Skip to Main Content

Internet and Data Privacy Guide

Tips for building a privacy practice with a critical technology lens

First-Party Data Collection

Social media, email, and web browsers are first-party data collection parties. When you interact with these sites, information about your behavior is stored in the company’s proprietary databases; while you scroll Instagram, Instagram will note your scrolling and network behavior to curate the posts and advertisements on your feed. First-party data collectors can make money selling your data to third-parties; so even if the service is free, companies are able to profit from your activity on their website and personal information revealed through website interaction. 

Below is a non-exhaustive list of how to protect your privacy and data while using first-party data collectors like social media, email, and other internet services.

Image Credit:

Privacy Concerns on Social Media


Facebook Help page about privacy settings on Facebook.

Wired article from March 2018 about how to increase your privacy on Facebook using Facebook's privacy tools.

Regularly updated Lifewire guide to Facebook privacy.

Image Credit:


Instagram Help page about privacy settings on Instagram.

May 2019 Verge article about privacy on Instagram, including monitoring your account for potential hacks.

Regularly updated Lifewire guide to privacy on Instagram.

Image Credit:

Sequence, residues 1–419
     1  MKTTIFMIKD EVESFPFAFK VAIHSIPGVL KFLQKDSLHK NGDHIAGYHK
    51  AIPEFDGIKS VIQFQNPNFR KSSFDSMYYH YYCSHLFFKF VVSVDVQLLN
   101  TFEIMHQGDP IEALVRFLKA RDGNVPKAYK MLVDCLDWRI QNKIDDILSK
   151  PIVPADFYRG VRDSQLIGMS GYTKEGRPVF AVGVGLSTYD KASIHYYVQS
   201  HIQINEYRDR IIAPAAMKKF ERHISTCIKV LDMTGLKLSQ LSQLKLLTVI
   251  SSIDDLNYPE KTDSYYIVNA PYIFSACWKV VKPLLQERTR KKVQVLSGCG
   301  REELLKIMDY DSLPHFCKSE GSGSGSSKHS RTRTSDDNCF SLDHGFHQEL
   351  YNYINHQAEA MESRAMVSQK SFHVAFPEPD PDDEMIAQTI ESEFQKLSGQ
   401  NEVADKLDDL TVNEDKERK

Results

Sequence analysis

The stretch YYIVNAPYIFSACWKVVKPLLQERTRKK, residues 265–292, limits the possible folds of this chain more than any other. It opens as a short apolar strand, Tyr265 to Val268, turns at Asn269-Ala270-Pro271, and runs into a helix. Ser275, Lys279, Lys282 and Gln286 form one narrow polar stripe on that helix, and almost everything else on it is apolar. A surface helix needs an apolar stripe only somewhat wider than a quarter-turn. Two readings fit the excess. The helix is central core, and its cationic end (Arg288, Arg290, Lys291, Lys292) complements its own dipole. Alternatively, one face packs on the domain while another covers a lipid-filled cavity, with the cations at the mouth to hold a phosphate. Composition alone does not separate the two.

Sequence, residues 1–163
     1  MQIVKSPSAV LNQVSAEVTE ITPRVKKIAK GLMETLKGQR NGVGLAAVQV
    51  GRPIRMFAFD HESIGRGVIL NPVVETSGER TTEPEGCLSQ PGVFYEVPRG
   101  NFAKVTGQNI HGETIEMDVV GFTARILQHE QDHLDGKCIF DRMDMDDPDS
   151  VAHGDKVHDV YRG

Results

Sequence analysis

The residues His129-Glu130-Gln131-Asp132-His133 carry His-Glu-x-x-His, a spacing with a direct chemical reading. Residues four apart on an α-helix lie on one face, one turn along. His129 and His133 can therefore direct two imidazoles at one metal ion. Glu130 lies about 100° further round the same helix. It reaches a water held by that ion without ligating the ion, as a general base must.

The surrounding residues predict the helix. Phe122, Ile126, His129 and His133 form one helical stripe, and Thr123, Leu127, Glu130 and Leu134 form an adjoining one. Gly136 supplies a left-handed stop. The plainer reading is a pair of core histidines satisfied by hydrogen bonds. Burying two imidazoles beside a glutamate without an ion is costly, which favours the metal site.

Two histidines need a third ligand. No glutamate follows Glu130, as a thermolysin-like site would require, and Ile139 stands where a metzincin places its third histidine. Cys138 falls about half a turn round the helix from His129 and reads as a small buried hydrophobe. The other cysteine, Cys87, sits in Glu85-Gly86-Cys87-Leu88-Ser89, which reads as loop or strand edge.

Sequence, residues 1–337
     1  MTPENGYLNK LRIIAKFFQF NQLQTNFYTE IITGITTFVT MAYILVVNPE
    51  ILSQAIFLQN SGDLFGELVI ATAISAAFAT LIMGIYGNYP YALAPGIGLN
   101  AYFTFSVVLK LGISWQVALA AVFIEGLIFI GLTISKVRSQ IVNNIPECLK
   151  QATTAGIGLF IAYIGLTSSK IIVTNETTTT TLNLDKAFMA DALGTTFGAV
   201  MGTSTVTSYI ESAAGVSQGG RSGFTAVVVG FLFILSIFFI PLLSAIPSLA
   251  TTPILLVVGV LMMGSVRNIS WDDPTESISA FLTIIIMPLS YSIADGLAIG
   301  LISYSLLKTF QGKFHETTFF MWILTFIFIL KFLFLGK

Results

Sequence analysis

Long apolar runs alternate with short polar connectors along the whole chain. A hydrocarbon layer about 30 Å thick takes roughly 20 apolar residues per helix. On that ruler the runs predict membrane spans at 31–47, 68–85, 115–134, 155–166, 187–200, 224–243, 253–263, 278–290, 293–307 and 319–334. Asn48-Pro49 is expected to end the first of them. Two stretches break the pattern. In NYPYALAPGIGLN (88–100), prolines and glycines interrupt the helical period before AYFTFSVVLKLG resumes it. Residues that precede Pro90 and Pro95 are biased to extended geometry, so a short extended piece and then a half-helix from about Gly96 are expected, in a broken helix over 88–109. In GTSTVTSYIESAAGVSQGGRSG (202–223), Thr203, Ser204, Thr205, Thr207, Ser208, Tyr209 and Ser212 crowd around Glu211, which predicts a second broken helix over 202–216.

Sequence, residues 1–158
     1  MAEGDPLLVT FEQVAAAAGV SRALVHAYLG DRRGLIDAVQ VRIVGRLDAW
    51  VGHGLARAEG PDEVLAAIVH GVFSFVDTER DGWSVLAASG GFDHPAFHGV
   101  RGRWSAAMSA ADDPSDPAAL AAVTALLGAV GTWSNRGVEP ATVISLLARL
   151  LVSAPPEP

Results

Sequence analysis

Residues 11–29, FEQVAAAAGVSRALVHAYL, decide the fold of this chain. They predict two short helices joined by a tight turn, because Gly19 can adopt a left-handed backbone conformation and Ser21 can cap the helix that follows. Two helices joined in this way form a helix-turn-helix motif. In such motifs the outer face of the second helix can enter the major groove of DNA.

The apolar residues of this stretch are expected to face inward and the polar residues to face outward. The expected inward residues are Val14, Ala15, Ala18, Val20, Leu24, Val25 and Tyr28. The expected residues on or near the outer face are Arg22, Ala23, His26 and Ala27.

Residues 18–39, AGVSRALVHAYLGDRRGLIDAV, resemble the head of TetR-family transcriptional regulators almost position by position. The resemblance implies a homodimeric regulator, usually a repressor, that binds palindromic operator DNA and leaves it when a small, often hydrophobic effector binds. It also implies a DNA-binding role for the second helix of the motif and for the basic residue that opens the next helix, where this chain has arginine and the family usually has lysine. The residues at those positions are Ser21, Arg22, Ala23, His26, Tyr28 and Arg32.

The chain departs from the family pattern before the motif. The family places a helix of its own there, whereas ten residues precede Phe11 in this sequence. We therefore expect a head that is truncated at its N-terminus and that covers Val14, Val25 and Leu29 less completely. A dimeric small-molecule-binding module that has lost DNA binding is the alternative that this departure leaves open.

Privacy Concerns with Google Products

  • Google Help page about securing a Google account.
  • Google Help page about privacy settings on a Google account.
  • A November 2018 article about sending confidential emails in Gmail. Google is still able to access the information in these confidential emails; instead, they self-destruct after a predetermined amount of time.
  • Regularly updated Consumer Report article about increasing security on Google accounts.
  • May 2019 guide from Fast Company about maximizing your use of Google security settings.

Privacy Concerns with Non-Chrome Web Browsers

  • An August 2019 article about choosing a browser for privacy from Lifehacker. Includes information about Tor, DuckDuckGo, and how to make Chrome more secure.
  • Mozilla Firefox is a popular privacy-focused browser that is advertised as a secure Google competitor. However, Mozilla has had a financial relationship with Google since 2007. Google has been the default browser on Firefox since 2004, pausing revenue relations for a spell after a 2014 review period. As most of Mozilla's revenue comes from global browser search partnerships, this opens up the possibility that the Mozilla Foundation's commitment to privacy is largely financed by Google money.

Privacy Concerns on Email

  • Lifewire's regularly updating list of the most secure email services. 
  • is a popular secure email and VPN service managed by a non-profit autonomous tech collective. While they usually support accounts for liberatory projects, anyone willing to abide by the collective's terms of service can get an email address through Riseup. Riseup's server is in the United States and complies with U.S. laws. The collective has physical (instead of cloud control) over their services.


In addition to the concerns above, there are scammers on the internet that will attempt to exploit human psychology in order to get you to reveal sensitive personal information such as passwords. These "Phishing" scams are designed to steal your information so that bad actors on the internet can make money through fraudulent means. However, there are lots of resources available to help you avoid these scenarios.

Avoiding Phishing Scams